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I have used a lot of cages over the years.  I prefer powder coated cages with stands.  Gliders like to be up off the floor.  Seeing the feet of people and other pets all the time can remind them of predators and keep your gliders in a constant state of stress.

Keep in mind that most all of the bird type cages will have small side doors, usually used for food dishes for birds, but serve no purpose for sugar gliders, other than to escape.  Please secure these extra, non-usable doors tightly with a zip tie.

The minimum height for a pair of gliders should be 3 ft tall inside.  Wire space should be no greater than ½” or they can get out.   Types of cages to avoid:  silver galvanized metal.   Sugar Glider’s urine is very acidic.  The reaction with this wire can result in UTI’s for your sugar gliders and trips to the vet for antibiotics.   The black PVC wire coated cages have a toxin in the rubber that gets in through the skin of the sugar gliders and can poison them.   Although safe for other kinds of pets, please avoid using this kind of cage, unless the maker of the cage can tell you for sure the manufacturer was CE Shepard in Texas, then do not buy it.  Only this manufacturer of the wire uses rubber safe for sugar gliders.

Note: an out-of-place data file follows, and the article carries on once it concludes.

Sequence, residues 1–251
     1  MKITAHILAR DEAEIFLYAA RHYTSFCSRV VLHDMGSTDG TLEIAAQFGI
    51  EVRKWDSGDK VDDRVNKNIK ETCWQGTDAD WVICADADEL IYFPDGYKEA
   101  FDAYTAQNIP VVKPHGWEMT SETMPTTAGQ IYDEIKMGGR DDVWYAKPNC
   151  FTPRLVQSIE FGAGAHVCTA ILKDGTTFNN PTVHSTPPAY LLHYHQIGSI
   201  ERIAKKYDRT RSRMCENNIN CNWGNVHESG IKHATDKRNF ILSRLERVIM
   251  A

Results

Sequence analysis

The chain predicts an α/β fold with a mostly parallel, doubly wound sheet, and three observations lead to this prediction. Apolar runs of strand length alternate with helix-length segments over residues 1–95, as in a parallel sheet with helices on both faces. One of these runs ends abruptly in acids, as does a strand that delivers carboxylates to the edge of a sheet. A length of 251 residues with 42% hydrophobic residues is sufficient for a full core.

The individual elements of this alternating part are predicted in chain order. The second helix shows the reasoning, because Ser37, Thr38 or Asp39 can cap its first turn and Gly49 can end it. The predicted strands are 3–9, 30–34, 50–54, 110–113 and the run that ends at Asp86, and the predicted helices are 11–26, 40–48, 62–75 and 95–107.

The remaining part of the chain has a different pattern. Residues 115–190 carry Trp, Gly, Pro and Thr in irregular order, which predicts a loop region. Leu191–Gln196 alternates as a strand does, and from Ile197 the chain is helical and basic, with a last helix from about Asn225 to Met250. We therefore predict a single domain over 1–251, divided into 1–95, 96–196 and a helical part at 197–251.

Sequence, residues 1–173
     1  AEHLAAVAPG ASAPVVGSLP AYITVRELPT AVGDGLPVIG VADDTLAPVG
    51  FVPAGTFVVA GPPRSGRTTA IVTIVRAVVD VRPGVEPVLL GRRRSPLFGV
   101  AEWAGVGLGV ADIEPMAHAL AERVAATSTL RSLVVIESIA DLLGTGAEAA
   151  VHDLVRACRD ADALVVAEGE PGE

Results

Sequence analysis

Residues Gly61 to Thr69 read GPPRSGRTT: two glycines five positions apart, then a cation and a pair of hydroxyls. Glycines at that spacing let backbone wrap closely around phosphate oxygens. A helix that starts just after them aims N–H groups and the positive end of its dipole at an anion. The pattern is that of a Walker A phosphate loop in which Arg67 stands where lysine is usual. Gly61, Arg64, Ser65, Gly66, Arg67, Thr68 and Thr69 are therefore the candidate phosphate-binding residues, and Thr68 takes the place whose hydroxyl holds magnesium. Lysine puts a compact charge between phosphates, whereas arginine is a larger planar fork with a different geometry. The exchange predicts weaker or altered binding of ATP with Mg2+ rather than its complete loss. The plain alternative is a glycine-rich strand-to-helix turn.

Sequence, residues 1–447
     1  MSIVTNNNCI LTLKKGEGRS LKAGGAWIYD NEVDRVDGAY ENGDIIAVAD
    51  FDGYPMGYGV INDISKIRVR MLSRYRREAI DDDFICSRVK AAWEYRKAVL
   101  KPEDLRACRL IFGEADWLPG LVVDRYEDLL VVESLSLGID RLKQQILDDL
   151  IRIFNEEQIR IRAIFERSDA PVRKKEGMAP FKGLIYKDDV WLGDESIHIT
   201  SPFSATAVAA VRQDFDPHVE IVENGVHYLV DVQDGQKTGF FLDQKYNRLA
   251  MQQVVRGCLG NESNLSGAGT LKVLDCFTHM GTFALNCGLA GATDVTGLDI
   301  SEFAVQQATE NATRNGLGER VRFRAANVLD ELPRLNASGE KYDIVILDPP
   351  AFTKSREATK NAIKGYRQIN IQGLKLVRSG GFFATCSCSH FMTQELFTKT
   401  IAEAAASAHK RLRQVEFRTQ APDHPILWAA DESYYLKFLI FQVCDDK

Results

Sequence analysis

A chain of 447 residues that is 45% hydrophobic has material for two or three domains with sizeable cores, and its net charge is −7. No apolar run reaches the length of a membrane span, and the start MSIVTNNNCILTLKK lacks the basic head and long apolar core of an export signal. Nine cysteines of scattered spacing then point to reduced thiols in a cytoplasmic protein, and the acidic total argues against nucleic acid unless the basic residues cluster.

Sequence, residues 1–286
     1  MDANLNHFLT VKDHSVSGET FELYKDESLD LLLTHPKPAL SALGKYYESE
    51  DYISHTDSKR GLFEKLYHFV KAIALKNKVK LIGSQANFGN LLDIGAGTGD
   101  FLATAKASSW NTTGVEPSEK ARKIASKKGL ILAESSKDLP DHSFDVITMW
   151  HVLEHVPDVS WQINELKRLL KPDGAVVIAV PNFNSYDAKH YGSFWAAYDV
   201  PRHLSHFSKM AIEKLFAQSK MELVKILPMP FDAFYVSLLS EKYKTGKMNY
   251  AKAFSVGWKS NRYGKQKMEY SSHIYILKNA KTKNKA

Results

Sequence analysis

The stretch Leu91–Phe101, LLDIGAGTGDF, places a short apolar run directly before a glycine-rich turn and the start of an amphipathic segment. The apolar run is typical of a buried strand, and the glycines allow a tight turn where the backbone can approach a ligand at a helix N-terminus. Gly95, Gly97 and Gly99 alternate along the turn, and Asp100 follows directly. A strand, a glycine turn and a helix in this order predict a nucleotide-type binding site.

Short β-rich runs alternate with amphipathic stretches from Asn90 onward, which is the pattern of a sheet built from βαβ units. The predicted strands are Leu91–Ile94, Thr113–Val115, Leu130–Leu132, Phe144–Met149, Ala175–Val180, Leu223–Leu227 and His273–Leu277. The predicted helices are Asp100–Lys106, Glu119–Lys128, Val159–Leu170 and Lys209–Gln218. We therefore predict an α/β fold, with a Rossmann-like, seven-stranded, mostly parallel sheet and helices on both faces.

When purchasing a cage, the minimum requirements for a pair is at least 36″ high inside, with a stand that puts it off the ground.  Gliders can get stressed having to look at feet go by all the time.

There are larger cages out there. If you can afford a larger cage and have the space, than it’s fine to have a larger cage.  Just nothing smaller than 36″ tall on the inside.

Other good brands are the Critter Nation cages.  You can buy them as a single unit, double stack or even triple stack.

Here are some ideas from Sandra Whittaker if you happen to live in a colder climate: